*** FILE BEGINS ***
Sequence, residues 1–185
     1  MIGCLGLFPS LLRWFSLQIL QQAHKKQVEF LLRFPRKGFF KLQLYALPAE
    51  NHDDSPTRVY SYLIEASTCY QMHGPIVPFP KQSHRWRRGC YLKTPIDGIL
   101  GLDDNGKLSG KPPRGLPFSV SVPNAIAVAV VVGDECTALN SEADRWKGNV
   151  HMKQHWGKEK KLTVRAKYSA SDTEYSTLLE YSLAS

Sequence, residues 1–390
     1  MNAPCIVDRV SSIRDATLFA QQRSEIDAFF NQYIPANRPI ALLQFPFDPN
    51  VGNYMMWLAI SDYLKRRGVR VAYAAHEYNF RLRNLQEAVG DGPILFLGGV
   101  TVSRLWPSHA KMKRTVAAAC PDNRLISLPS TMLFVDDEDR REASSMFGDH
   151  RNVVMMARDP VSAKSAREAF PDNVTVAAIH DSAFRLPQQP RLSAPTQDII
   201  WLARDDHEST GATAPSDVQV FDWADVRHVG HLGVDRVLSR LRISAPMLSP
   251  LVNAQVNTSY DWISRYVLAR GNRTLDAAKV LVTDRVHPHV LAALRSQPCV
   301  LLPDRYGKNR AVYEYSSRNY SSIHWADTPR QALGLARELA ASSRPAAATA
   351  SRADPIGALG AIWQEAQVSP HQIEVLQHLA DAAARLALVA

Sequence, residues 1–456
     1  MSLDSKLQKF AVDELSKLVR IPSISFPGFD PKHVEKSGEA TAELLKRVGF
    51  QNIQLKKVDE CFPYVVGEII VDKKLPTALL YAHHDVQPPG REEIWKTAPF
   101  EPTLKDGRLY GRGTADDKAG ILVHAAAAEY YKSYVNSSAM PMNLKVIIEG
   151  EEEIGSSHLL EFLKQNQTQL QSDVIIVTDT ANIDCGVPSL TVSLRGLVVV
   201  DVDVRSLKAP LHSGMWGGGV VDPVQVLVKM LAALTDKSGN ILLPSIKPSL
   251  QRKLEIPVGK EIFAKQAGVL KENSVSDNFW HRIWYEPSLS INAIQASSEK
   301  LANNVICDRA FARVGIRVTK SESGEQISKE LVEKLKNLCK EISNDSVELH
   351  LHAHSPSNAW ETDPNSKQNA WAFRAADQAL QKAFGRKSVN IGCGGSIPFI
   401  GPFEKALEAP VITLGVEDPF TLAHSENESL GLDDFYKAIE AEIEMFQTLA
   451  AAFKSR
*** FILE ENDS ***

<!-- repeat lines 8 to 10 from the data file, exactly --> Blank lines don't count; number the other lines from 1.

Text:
    51  VGNYMMWLAI SDYLKRRGVR VAYAAHEYNF RLRNLQEAVG DGPILFLGGV
   101  TVSRLWPSHA KMKRTVAAAC PDNRLISLPS TMLFVDDEDR REASSMFGDH
   151  RNVVMMARDP VSAKSAREAF PDNVTVAAIH DSAFRLPQQP RLSAPTQDII